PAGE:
Who Are Your Influencers?

If you are in tune to the social media and blogosphere world, you can agree that we all have profiles that we love to keep up with. We enjoy their content, we are interested in watching their life unfold— seriously. Anyone else spend countless hours scrolling through a bloggers site, learning all about their lives to the point you think you’re besties with them?  We don’t follow specific celebrities just to see their photos. We are invested in how they live and wish that we had some of that lavish lifestyle. We strive to be more like them—eat the same foods, wear the same clothes, purchase the same lipstick… the list goes on. These individuals are our influencers.

When we want our lifestyle to reflect someone else’s, it only makes sense that we would want to be using the same brands and products that they’re using. This is the exact strategy behind Influencer Marketing and placing brands in profiles with thousands to millions of followers. Because why wouldn’t you want to buy a product or service if your favorite blogger swears by it, right?

Although this mode of product placement has become increasingly popular, it really is just celebrity endorsement that’s been reinvented. Celebrities have been tying themselves to brands since the 1760’s, when royal families would endorse handmade goods. It used to be, and still is, an accolade of famous athletes to have their face on a box of Wheaties. Although it’s not a new trend, the medium has changed from a cereal box to a social media profile. Instead of just using celebrities, marketers are tapping into non-celebrity influencers who have gained their popularity from their photo worthy lives. #bloggerlife

Why It Works

The power of social media is no secret. Utilizing these influencers with millions of followers not only boosts sales, but sky rockets your brand recognition. When a powerful name promotes your company or product, a valuable element of legitimacy is added to your brand. Arguably more important than the number of followers is their loyalty to their influencer. In some cases, a smaller audience has a more engaged connection.

Influencers like Jessica Shyba, who popularly started the ‘Naptime with Theo and Beau’ blog, highlights her path of motherhood and products she uses in her every day life with her family. She emphasizes functional products that help her to be a better mom and wife.

PewDiePie, the Swedish YouTube personality, currently has the highest subscribed Youtube channel with over 53 million followers. The main focus of his videos is his commentary and reactions to various video games as he plays through them. The most influential partnerships he has promoted are with his favorite video games, and a marketing campaign with Mountain Dew (how else would he stay awake to produce so many videos?). 

English blogger Poppy Deyes highlights her life as a young, hip photographer. Brands that add luxury to everyday life have tied themselves with her polished Instagram account, her trendy lifestyle, and her casual 1.2 million followers. (now that’s impressive.)

Although these figures have different target audiences, they still receive the same dedication. Their followers see these individuals being great at what they do and see the brands that contribute to this greatness.

Could an endorser do wonders for your brand?

So we know what you’re thinking— these endorsers have millions of followers, so working with them probably costs an arm and a leg. The truth is you don’t need a massive marketing budget to achieve the same results. Influencers exist at a local level too, and can have the same effect on your local audiences as these global endorsers we’ve previously mentioned. Take the local blog “Skunkboy” as one example. The Skunkboy social media and blog followers add up to over 100K and highlights the down-to-earth life of a Midwest mom. An influencer like this is a perfect target for regional brands.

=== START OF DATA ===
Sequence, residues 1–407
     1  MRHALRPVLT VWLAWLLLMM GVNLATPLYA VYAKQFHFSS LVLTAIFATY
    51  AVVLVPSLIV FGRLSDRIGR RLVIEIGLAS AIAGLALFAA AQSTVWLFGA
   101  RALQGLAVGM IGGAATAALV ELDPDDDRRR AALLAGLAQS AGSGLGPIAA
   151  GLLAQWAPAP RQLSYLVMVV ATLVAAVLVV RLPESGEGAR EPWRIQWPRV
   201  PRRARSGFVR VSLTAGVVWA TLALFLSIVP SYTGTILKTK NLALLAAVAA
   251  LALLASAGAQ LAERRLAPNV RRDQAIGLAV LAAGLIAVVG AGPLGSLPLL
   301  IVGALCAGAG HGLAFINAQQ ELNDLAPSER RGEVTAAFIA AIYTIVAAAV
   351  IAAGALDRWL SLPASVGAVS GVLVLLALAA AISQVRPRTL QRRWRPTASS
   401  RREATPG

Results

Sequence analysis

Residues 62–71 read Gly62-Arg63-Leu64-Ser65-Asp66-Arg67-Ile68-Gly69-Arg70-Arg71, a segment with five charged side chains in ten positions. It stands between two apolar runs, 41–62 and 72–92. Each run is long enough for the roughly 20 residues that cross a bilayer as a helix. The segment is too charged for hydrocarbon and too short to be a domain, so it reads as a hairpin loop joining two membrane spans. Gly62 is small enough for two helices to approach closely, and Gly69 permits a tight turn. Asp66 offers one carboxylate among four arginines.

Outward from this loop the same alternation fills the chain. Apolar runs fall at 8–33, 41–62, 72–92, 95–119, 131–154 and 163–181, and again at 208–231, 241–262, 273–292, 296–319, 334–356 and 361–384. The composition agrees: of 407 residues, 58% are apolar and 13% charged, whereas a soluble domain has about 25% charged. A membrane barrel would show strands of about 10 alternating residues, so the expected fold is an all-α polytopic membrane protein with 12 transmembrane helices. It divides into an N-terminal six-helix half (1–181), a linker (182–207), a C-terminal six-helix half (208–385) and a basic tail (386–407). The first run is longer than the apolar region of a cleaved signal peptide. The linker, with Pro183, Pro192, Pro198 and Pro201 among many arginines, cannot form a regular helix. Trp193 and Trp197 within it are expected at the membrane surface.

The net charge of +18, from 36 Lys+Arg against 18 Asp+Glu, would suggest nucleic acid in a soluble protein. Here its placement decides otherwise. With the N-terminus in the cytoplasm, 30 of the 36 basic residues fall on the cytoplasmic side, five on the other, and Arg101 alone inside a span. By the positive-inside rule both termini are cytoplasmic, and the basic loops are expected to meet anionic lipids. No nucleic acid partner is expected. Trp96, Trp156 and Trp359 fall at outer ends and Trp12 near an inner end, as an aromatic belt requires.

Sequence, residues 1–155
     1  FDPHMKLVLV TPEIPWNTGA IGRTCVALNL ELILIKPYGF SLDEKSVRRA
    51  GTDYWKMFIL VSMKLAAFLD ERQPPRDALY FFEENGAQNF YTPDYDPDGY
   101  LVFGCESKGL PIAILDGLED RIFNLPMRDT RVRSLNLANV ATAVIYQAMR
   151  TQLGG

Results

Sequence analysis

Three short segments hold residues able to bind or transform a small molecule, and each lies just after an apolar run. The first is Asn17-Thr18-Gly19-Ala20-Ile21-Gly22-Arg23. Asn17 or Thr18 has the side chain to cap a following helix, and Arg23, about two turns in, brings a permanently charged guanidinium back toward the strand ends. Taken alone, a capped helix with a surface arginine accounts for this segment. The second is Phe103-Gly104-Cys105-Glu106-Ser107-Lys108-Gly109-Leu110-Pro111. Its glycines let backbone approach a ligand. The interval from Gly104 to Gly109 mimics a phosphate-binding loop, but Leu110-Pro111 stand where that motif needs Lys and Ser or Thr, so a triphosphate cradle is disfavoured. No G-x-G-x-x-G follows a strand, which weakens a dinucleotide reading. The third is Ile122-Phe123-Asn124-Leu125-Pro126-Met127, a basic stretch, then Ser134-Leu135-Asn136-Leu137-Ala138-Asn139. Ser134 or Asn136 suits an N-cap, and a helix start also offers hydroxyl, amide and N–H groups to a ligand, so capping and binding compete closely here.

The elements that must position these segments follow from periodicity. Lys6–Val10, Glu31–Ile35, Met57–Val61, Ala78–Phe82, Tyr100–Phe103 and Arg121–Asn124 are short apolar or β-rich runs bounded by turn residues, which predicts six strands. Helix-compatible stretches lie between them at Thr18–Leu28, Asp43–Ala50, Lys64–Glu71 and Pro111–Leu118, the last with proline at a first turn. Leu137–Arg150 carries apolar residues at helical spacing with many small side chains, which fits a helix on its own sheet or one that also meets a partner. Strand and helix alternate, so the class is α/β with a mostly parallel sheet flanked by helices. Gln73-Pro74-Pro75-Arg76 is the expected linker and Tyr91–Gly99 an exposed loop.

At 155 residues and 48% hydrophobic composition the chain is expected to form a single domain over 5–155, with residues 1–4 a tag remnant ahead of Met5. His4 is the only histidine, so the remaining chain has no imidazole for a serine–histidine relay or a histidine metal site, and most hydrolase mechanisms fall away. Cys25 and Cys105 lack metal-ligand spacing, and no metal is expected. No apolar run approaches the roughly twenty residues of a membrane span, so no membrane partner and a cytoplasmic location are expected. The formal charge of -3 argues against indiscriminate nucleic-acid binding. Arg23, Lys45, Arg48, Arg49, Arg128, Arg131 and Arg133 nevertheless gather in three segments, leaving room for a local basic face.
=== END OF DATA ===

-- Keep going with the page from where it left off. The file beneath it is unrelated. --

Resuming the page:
If you think your company’s brand matches an influencer’s aesthetic and brand values, there are other ways than dropping a pretty penny to create brand awareness. Some influencers will exchange products for endorsements. Sending influencers samples of your products increases your chance of recognition by them and their audiences. Other influencers endorse products that they are passionate about in exchange for equity in the company. Most influencers who operate ‘for profit’ sites are open to having conversations about sponsorships and product endorsements. Don’t let your budget put you on the sidelines for the influencer marketing game!

When Influencing Backfires

Recently, the Federal Trade Commission has cracked down on endorsers to make sure that they’re not taking advantage of their reputation and compromising their followers’ best interests. After all, you wouldn’t really see your friend’s product recommendation in the same way if you found out they were getting paid to tell you about it. Regulations on these endorsements indicate that influencers need to be transparent about their partnerships or make it clear that they were paid with a hash tag such as #ad.

As much as some love to get product recommendations from their favorite influencers, it can be hard to tell when it’s genuine. For example, when celebrities like Scott Disick accidentally make it VERY transparent how influencer endorsements work, it’s hard to know if he trusts the product at all (Read the caption of this Instagram post and you’ll know what we mean.)

Regardless of it’s fallbacks, influencer marketing is a powerful tool that more and more marketers are incorporating into their plans each year. From small, regionally based blogs, to Kardashian-level celebrities, influencer marketing has a way to reach your target audience in a more intimate way, as long as you choose the right ones!

If you need help growing your brand awareness, give us a shout at hello@reveladvertising.com!

Comment